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July 6, 2005:

2005 Valedictory Oration: ‘The best of what I’ve learned’

By Varun K. Phadke ’05

It is in the nature of the valedictory address to be trite, pontifical and uncompromisingly dull. So, before I begin, let me warn you that I have some tough acts to follow. However, let me also assure you that my speech is in English (and that I did not forget it on my bathtub).

A week and a half ago, I submitted the first draft of this speech to the Office of the President. Within one day I had a response. What was the chief complaint? Namely, that I was not “serious” enough. This begs the question: What exactly does it mean to be serious?

For example, speaking of seriousness, we just heard some thoroughly lucid and timely remarks from the salutatorian on the Second Punic War. I don't know about you, but I found the allusions to Vergil and Horace to be especially illuminating. (That was not a joke.)

Similarly, Princeton is so serious that during our four years here, we witnessed and participated in a campuswide intellectual debate about the lack of intellectualism on campus.

Finally, Princeton is so serious that the night before Commencement, it holds a senior prom until 1 a.m. that serves unlimited quantities of free alcohol.

In all seriousness, though, it is important to be serious – sometimes. But that does not mean we should be uninteresting. It is just as important, if not more so, to be able to laugh at ourselves. For one, it allows us to better appreciate our own inadequacies. Take me, for example. Why am I delivering the valedictory address? Indeed, this was the first question that came to my mind when Dean Williams informed me of this news. Being a good neurobiologist, as some have referred to me, I approached this question scientifically.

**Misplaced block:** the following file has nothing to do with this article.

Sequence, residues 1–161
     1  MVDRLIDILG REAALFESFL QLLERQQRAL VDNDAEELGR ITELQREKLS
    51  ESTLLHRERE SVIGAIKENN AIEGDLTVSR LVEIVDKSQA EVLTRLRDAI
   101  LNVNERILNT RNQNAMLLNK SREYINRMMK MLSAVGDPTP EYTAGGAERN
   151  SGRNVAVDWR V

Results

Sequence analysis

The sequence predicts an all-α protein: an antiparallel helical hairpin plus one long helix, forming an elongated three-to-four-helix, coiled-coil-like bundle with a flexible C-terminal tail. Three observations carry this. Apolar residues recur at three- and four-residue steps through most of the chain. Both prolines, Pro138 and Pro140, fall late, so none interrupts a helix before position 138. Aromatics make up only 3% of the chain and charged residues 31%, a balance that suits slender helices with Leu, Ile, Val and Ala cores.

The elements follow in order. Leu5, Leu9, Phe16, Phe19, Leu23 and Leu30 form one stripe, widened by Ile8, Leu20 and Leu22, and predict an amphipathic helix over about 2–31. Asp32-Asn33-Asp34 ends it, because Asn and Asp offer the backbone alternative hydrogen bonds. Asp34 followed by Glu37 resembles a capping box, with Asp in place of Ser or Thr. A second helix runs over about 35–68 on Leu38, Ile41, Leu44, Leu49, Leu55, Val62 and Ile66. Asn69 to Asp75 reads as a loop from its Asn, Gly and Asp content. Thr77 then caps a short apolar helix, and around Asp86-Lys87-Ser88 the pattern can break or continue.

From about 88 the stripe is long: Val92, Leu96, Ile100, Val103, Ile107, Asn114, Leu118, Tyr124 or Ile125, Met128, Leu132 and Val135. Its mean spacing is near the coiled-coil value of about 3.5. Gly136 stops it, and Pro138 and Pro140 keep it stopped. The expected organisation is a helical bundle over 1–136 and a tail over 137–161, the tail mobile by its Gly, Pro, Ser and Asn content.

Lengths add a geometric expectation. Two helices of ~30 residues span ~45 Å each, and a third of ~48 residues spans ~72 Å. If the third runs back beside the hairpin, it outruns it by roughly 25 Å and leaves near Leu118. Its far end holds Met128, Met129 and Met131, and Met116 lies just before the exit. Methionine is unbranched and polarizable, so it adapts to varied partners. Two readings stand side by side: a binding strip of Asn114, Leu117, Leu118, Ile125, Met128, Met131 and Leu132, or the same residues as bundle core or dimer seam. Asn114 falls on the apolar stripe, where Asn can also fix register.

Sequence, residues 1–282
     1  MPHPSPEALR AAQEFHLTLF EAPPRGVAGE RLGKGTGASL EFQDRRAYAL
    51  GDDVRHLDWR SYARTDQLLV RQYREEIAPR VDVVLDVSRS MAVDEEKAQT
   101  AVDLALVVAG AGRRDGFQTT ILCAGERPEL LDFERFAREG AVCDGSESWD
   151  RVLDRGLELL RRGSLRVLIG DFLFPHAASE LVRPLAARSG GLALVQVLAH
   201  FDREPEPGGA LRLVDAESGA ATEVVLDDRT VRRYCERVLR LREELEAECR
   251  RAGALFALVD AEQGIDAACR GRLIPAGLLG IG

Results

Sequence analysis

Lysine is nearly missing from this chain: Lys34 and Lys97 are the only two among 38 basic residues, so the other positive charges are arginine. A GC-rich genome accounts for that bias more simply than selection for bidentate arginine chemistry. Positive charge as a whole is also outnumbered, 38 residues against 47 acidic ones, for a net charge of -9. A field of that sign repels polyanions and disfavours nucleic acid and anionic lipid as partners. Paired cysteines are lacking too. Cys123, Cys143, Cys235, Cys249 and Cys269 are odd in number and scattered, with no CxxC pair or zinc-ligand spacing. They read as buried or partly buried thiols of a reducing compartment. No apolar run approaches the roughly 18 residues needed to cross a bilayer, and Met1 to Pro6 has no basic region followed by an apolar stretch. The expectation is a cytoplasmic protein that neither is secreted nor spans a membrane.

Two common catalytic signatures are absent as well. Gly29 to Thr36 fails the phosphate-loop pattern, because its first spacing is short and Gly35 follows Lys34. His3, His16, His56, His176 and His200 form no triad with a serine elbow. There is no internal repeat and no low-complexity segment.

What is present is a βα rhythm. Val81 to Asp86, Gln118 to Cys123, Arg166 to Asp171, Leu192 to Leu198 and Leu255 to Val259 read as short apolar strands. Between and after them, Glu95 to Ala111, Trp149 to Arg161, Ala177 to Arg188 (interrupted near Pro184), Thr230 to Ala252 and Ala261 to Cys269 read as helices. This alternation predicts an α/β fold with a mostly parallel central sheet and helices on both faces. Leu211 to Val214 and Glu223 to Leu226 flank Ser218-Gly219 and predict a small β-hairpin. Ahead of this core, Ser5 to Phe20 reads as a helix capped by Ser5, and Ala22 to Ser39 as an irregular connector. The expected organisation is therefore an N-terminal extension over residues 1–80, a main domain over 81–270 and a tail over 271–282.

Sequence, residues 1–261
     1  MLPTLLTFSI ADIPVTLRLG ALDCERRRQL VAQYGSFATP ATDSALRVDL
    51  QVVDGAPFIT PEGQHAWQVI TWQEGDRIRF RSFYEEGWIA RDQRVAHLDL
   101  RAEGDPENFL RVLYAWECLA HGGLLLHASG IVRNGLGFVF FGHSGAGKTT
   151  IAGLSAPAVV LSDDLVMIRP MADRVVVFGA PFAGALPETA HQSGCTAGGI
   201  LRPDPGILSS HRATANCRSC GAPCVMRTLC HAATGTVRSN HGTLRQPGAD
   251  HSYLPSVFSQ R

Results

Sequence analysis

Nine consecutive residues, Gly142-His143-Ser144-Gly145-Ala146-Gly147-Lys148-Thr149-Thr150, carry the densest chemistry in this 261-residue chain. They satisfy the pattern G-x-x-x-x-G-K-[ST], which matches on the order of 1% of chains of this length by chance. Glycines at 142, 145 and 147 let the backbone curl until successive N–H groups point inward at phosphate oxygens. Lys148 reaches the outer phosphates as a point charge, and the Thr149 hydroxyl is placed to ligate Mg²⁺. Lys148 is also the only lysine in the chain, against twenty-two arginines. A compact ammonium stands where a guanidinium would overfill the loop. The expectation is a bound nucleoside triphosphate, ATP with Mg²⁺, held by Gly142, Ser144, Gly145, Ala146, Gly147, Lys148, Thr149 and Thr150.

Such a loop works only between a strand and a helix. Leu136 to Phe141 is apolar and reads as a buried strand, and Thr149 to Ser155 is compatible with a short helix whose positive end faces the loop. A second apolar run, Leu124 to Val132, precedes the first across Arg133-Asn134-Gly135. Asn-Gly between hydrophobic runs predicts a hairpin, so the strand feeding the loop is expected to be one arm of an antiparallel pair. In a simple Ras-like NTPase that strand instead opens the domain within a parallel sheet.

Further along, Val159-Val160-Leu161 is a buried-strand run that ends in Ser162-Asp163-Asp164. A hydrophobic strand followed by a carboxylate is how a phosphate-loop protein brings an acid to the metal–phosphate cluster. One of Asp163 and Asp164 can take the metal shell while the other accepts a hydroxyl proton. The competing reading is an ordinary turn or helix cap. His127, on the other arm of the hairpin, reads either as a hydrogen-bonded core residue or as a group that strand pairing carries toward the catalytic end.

First, I made a rather curious observation. President Tilghman is a molecular biologist. So am I. And so were the last two valedictorians. Now of course, as we all know, correlation does not imply causation. But as they say in our business, these findings merit further study.

My second insight was also quite reasonable. I am confident that I speak on behalf of all my classmates when I say that if there is one skill I have learned from my time at Princeton, and especially from that time-honored institution that is the Princeton precept, it is the ability to appear like you know what you’re doing, without actually knowing what you’re doing. And so, apparently, because I have the honor of speaking before you today, this is something that I am fantastically good at.

Being able to laugh at ourselves is also important because as much as the PDF standard belies this fact, we will all one day experience failure, or at the very least, a “D.” Yes, in life. Indeed, being a scientist-in-training means that I am extraordinarily well versed in total and utter failure.

Experiments are rarely, if ever, successful. And as hard as it is to believe, data is frighteningly hard to come by. Of the 12 weeks I worked on one particular biochemistry project, 11 were spent just getting things to work. I also especially enjoyed collecting all the data for my senior thesis in one week, four weeks before it was due. I have never slept that little in my entire life, excluding, of course, this past week.

In any case, if one takes into account the near-impossibility of successful experimental work, sometimes you just have to wonder if scientific publications were created simply to celebrate the few wondrous times that something actually works. In fact, some other more qualified, but equally unfortunate, victims of bad luck have even suggested starting a journal that publishes exclusively negative results. Think about that for a second. A journal devoted to experiments that failed. Based on this proposal alone, I must say, to those of us going into scientific careers, the future looks exceptionally bright.